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Digital Install--After the Sale

April 1999
In the rapidly evolving digital prepress and printing markets, technology suppliers are now technology consultants, systems integrators and digital workflow evaluators. Do digital press manufacturers care what happens after the digital press is installed? Do high-tech prepress providers make the commitment to introduce a traditional printer to a digital workflow? Put it this way: They better.


BY MARIE RANOIA ALONSO


The migration from conventional prepress and printing technologies to new, digital prepress and on-demand printing processes calls for a concentrated alliance between technology providers and commercial printers. After all, commercial printers, by and large, don't conceptualize the next digital prepress or printing revolution—yet, they are expected to eventually embrace, implement, understand, market and sell an array of digital technologies.

So, who's responsible for what? Quite candidly, it seems logical that it is the technology vendor's responsibility to clearly map out the ROI models, financing options, implementation steps, training requirements and other procedures needed to accomplish a smooth transition from a traditional prepress or printing operation to a digital working environment.

As for the commercial printer, the chief responsibilities are to make the financial and staffing commitments to get the digital technology implemented, running and making a return on investment in as expedient a fashion as possible.

This ain't your grandfather's customer service—the topic at hand is true integration, well-planned training and marketing support. We are not talking a panicked customer calling to request overnight shipment of a thermal imaging head, or a digital press operator phoning in a late night plea for a critical equipment part.

Creo's Michael Rolant, vice president of customer support, has a theory. "Customer support in today's digital prepress and printing environments is all about facilitating the production goals of our customers," he contends. "We develop partnerships with our customers in order to meet their production, support and training requirements; we are all part of the same team."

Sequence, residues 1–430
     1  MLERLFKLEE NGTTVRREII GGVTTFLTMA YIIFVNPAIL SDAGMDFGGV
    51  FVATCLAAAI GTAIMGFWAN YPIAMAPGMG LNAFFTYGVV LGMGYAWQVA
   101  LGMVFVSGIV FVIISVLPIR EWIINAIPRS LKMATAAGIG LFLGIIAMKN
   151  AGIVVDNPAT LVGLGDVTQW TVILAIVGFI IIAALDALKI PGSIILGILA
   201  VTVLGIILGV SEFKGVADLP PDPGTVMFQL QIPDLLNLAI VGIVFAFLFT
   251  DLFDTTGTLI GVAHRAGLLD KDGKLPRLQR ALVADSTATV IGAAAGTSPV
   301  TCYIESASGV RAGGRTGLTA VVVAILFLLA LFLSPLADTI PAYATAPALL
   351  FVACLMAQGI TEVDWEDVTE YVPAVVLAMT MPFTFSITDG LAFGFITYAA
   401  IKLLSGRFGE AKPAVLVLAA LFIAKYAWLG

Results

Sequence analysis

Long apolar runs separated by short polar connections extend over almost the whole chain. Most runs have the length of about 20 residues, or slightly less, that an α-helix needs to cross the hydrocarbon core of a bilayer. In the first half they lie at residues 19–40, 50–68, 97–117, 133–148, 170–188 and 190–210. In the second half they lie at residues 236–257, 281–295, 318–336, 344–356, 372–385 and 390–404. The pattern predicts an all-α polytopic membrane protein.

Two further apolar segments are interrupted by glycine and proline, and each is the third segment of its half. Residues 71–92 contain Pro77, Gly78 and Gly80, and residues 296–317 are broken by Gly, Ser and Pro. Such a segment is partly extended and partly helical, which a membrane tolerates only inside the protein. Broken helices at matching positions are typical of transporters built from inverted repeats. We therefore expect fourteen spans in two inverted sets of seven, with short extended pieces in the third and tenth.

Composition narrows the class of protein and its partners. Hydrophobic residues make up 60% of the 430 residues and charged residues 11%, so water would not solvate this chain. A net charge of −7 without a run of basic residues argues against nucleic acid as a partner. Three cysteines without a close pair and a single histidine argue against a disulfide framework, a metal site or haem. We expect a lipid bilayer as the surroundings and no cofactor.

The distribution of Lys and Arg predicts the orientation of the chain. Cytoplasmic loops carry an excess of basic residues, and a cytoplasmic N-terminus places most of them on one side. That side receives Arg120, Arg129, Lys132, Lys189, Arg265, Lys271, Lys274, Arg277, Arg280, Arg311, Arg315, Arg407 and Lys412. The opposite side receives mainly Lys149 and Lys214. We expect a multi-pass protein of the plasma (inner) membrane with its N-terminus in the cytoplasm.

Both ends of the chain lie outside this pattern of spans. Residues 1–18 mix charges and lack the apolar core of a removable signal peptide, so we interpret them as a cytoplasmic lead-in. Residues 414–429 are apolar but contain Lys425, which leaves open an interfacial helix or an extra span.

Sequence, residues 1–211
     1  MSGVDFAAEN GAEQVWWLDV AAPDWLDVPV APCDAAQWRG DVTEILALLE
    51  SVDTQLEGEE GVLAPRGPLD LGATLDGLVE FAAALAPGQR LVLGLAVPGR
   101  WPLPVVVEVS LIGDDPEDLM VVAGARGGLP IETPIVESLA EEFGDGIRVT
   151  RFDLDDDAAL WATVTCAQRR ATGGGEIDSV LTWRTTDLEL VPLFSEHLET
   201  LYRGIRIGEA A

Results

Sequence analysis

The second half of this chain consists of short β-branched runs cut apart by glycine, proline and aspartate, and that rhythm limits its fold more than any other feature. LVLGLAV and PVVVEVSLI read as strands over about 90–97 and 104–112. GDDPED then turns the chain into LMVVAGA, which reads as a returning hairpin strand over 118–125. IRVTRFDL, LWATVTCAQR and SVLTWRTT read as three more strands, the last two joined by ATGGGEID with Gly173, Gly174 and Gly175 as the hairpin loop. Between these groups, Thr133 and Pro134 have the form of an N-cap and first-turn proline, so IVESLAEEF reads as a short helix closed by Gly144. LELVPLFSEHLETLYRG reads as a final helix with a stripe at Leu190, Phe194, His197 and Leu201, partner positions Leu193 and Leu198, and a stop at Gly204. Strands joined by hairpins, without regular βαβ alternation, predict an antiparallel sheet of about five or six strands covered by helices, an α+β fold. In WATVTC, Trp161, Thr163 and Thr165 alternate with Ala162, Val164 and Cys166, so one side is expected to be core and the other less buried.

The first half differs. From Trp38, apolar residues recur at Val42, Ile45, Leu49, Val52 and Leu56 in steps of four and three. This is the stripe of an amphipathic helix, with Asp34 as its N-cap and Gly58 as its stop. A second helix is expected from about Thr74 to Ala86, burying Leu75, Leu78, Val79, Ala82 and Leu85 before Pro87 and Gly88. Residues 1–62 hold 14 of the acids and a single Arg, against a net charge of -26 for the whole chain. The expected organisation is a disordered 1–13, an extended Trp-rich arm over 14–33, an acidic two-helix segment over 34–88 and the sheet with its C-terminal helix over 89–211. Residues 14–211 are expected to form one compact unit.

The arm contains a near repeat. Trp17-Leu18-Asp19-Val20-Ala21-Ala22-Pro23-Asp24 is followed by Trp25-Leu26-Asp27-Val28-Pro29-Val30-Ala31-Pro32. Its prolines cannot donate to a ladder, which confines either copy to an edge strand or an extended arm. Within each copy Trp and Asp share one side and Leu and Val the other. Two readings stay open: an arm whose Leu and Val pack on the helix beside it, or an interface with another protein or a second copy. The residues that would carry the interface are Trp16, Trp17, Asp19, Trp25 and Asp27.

What if marketing is the greatest corporate challenge? What if implementing the digital technology and training staff on its functionality are less than half the battle—as is often the case in the on-demand digital printing environment, where selling the technology, not installing it, poses the highest level of difficulty.

Case in point: The rise of on-demand digital color printing tools has made for an interesting, competitive class of color copiers and digital duplicators, wide-format printers and digital presses—some armed with variable-data software.

Marc Orchant, market development manager for Agfa's U.S. Digital Printing Systems group, believes that digital color printing allows for the generation of strong profit margins, far in excess of those considered acceptable in the commodity printing business.

However, Orchant cautions, the real secret to achieving success in on-demand printing is to forego commodity pricing and to position digital color printing output as a new communications tool—not as a replacement for conventional offset.